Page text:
In this sequel to Father of the Bride (1950), newly married Kay Dunstan announces that she and her husband are going to have a baby, leaving her father having to come to grips with the fact that he will soon be a granddad.
The only son of wealthy widow Violet Venable dies while on vacation with his cousin Catherine. What the girl saw was so horrible that she went insane; now Mrs. Venable wants Catherine lobotomized to cover up the truth.
Joseph L. Mankiewicz
English dancehall actress Julia Packett hasn't seen her daughter since Susan was a few months old, having given her up to be raised by her respectable and wealthy father William (whom Julia... See full summary »
Barbara gets secret plastic surgery in Switzerland in an attempt to save her marriage to Mark, but he doesn't seem interested in meeting her. She checks in to a ski resort to wait for Mark,... See full summary »
Colonial tea planter John Wiley, visiting England at the end of World War II, wins and weds lovely English rose Ruth and takes her home to Elephant Walk, Ceylon, where the local elephants have a grudge against the plantation. Ruth's delight with the tropical wealth and luxury of her new home is tempered by isolation as the only white woman in the district; by her husband's occasional imperious arrogance; by a mutual physical attraction with plantation manager Dick Carver; and by the hovering, ominous menace of the hostile elephants... Written by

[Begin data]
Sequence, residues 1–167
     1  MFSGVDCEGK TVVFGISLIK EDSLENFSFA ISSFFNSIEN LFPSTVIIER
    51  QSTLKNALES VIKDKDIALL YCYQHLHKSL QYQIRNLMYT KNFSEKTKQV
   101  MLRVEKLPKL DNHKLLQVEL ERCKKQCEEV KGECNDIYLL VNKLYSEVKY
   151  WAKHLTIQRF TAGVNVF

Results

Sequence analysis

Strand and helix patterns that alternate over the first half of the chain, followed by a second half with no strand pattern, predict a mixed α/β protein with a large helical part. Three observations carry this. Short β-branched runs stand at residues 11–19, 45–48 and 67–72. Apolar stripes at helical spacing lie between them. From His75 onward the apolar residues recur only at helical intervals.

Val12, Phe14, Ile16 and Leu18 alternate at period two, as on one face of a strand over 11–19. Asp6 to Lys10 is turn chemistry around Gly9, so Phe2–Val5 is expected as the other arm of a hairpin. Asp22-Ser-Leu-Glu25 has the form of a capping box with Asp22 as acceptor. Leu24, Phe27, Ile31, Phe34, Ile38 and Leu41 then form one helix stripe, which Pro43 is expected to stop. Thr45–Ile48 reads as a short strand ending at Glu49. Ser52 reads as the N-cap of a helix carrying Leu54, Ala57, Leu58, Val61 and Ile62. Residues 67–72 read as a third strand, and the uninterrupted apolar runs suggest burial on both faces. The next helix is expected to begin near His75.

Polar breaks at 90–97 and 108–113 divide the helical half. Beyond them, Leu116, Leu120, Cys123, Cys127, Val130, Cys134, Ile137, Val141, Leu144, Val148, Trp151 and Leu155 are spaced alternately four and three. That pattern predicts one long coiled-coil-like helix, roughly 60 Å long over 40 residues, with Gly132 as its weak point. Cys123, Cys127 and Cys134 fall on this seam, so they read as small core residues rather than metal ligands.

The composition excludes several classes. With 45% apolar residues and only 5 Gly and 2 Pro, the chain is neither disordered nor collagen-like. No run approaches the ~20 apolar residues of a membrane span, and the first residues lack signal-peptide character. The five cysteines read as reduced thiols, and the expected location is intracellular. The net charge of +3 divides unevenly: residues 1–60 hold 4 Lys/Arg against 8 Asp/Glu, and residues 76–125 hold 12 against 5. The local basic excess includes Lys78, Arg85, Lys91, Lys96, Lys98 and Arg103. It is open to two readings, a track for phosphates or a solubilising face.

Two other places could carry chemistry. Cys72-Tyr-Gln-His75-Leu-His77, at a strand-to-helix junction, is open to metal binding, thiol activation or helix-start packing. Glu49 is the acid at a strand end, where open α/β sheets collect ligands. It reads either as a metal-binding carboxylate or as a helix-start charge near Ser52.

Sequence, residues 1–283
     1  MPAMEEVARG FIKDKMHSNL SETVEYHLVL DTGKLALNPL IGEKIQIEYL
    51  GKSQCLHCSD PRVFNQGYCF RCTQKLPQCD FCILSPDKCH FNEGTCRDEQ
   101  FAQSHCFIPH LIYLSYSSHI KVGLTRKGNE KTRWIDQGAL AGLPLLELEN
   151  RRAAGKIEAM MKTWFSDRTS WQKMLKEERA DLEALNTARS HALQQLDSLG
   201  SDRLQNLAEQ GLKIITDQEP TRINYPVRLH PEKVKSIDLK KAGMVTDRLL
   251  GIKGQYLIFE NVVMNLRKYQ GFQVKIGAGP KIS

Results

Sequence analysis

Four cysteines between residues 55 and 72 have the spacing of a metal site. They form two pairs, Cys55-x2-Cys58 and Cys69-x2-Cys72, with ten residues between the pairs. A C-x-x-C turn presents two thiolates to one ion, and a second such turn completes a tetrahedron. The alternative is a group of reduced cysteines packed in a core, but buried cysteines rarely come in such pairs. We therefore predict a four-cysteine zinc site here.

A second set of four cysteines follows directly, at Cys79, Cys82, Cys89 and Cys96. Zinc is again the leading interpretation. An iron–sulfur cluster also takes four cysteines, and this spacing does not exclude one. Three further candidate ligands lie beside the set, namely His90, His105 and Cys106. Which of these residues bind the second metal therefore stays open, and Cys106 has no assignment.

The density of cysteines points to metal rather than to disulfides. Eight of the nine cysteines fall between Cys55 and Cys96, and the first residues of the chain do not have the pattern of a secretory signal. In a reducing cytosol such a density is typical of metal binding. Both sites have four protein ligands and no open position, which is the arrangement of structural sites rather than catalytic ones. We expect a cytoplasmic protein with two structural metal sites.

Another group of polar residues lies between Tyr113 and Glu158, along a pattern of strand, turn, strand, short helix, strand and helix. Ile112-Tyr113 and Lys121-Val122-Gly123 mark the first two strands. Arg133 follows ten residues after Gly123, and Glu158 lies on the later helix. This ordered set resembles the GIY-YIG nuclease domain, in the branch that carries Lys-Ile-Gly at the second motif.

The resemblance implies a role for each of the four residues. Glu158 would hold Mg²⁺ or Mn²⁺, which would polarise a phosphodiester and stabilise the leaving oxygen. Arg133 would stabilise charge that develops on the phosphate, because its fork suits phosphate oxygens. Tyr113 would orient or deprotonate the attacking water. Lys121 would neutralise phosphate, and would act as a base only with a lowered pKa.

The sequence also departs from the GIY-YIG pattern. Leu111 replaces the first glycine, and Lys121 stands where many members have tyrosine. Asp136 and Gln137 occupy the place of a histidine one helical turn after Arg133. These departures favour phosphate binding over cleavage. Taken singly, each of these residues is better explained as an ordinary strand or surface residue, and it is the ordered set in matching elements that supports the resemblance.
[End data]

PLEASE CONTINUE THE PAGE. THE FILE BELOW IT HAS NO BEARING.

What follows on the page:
Rod Crawford <firstname.lastname@example.org>
Vivien Leigh was originally cast. Her mental illness begun affecting things during filming, and so she was replaced by Elizabeth Taylor. Many long shots and shots from behind are still of Leigh. See more »
At the beginning of the film, John Wiley (Peter Finch) does a voiceover reading of a page from "The Diary of Elephant Walk", shown on screen. Near the bottom of the page, Wiley (Finch), reading it aloud, says, "It was pouring with rain," even though the text seen on the screen reads "It was pouring rain." (In fact, as an Englishman, Wiley would normally have said - and written - "pouring with rain". "Pouring rain" is the American usage.) See more »
Corny but fun film of the 50's. Except for her first scene in the bookstore, Liz Taylor looks gorgeous, especially outfitted as she is. Every curve and then some shows. A bit talky at first, but gains momentum as picture goes on. Lush scenery, although some process shots look...well like process. Peter Finch is good as the head of the tea plantation and is a bit ruthless at times. Good guy Dana Andrews shows up as a good romantic interest when needed. Whom will Liz end up with? The elephant stampede at the end is well worth the price of admission. By the way, the DVD transfer is great. Worth a look just to see the 50's style filming..No sex, violence, foul language. OK for the whole family.
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